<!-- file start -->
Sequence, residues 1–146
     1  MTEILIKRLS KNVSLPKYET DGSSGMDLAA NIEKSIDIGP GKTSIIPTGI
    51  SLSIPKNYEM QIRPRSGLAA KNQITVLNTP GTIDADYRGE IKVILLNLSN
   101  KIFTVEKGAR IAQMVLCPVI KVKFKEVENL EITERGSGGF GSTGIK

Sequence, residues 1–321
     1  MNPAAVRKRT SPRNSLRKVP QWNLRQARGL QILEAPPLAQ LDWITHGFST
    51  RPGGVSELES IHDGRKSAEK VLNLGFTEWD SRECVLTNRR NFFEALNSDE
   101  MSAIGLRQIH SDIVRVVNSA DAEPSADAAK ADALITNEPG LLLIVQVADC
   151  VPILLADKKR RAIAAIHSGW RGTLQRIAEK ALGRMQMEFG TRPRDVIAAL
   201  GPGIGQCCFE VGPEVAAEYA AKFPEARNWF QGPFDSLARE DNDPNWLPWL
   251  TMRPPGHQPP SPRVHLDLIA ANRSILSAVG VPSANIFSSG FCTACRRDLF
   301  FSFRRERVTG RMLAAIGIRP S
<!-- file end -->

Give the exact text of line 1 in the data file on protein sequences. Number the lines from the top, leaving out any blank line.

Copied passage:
Sequence, residues 1–146